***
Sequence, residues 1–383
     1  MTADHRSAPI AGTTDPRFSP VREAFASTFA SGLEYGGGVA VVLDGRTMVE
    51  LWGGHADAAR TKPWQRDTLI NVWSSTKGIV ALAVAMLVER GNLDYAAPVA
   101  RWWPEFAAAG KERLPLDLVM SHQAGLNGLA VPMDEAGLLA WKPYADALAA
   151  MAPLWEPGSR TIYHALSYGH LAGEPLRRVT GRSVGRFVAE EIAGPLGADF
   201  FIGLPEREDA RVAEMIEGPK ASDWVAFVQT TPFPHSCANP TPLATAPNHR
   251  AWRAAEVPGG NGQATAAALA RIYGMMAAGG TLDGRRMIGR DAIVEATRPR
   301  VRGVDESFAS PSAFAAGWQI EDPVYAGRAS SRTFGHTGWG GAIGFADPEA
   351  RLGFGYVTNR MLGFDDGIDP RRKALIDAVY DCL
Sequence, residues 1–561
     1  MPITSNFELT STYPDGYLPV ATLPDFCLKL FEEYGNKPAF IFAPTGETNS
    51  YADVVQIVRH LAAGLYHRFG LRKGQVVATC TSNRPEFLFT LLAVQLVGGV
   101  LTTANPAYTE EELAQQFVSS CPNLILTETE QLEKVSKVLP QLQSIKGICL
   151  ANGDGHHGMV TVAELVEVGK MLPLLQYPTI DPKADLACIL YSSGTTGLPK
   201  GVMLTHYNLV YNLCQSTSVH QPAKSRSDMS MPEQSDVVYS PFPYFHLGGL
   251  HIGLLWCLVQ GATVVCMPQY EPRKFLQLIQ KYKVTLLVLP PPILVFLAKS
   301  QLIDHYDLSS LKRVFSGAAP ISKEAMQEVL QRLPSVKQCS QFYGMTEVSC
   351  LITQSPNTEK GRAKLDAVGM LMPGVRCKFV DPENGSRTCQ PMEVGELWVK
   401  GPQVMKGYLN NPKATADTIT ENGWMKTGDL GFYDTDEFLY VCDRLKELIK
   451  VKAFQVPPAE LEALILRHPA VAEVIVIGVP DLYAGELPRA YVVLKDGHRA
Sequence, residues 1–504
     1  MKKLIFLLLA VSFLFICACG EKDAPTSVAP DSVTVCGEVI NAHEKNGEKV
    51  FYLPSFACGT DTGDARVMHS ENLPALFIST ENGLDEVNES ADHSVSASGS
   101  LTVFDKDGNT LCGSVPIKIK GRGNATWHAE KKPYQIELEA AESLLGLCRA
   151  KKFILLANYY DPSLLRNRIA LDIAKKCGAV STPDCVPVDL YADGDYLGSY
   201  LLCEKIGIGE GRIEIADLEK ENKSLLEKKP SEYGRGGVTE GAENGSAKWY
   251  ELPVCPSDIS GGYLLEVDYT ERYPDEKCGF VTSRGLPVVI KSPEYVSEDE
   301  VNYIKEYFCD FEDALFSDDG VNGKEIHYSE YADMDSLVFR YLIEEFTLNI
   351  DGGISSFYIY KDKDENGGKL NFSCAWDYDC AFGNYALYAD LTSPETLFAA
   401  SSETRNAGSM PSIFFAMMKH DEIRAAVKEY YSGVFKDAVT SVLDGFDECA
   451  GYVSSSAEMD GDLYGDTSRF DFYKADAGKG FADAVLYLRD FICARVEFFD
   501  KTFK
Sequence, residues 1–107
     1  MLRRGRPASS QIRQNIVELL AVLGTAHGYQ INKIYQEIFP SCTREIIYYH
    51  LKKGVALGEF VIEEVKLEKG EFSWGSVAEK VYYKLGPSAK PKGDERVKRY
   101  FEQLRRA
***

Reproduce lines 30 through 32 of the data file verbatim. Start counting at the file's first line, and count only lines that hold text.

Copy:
   401  SSETRNAGSM PSIFFAMMKH DEIRAAVKEY YSGVFKDAVT SVLDGFDECA
   451  GYVSSSAEMD GDLYGDTSRF DFYKADAGKG FADAVLYLRD FICARVEFFD
   501  KTFK